- can charge the battery with solar during an outage, which lets you then draw that power. So in June, we should be able to go weeks without drawing power if needed.

It's all pretty modular. Adding panels and batteries is easy. So if it goes well and it's worth it, we can expand the system. We want to run it for a year and see how it goes. The system is not free in terms of dollars and it is not free in terms of carbon footprint of panels and batteries, so we want to see how it goes before building bigger.

Total cost will be about $19,000 when all said and done (all labor and materials minus tax credits). Because of our location, I figure the payoff in terms of electrical bill will be maybe 15 years (TBD after a full 12 months), but that was not why we did it. We have so many power outages that we were either going to spend that money on this system or a propane generator, which I really did not want.*

As I mentioned, just in the past two weeks we've been without power for about 10 hours over two outages. Those outages were because they were installing new "hair trigger" transformers and they said that once those went into service, our outages would be "more frequent and last longer than in the past." It was already pretty bad, so we're anxious to get the new inverter and get the system fully operational.

*propane generator has a huge upside: it can crank out 20KW and just run everything in the house. The downsides are:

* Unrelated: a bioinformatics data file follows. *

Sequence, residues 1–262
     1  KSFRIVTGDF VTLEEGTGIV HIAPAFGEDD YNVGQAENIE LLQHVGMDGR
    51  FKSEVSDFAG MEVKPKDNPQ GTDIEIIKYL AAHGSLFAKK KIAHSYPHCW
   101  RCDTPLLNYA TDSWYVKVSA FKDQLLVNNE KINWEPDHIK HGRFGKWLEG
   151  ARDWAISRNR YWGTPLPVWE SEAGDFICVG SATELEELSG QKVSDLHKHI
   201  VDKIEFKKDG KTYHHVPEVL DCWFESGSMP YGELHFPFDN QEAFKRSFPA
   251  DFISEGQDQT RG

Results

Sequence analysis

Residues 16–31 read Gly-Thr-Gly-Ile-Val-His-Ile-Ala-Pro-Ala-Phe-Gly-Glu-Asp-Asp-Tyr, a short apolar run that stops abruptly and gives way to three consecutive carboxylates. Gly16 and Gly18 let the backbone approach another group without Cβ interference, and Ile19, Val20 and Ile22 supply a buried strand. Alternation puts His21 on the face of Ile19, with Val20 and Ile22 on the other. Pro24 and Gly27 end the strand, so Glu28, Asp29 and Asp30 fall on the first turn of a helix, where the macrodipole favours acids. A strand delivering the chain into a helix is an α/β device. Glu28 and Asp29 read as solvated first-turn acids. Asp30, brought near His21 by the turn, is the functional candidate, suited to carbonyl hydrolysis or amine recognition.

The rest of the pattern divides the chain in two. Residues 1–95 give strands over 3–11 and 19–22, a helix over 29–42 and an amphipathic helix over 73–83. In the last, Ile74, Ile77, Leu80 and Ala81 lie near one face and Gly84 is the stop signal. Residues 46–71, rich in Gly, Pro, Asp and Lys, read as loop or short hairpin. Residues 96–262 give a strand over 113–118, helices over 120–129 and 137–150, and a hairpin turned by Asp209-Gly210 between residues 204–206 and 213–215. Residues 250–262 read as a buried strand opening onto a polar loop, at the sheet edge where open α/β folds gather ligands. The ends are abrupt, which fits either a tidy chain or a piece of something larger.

- burns fossil fuels
 - never returns any money, only uses it
 - has to run weekly for at least 30 mins and requires annual maintenance
 - noisy
 - runs 24 hours a day during an outage even if nobody wants electricity. So our neighbors generators kick in at 2am and run for 3 hours even though nobody needs it. Even in standby, it's about .75gal/hr and in full mode it's 1.5gal. So they can run through $100 and who knows how many kg of CO2 during a power outage while 90% of the capacity is unused.
 - we had one neighbor during and extended outage run down his entire propane tank. At that point he could heat water or cook either.

All that considered, we decided that our more limited, but quieter and more eco-friendly system was better. I love the idea that for much of the year it's doing actual work rather than sitting idle except during outages.
« Last Edit: September 11, 2021, 06:51:31 PM by ergophobe »

rcjordan

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Update us after you get the inverter running and had a good session or two.

ergophobe

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Okay. I'm really excited for the power to go out once we're fully up and running. I'm sad we didn't get a chance to test it during the long summer days.

ergophobe

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New inverter came in and was installed.

Electrician forgot the monitoring device (which was also backordered and came in, but he realized when he was halfway here he didn't load it in the truck). So right now we're fully operational, but don't have metrics.

We have another scheduled outage on Sep 28th from 8am to 4pm... that will be the true shakedown cruise.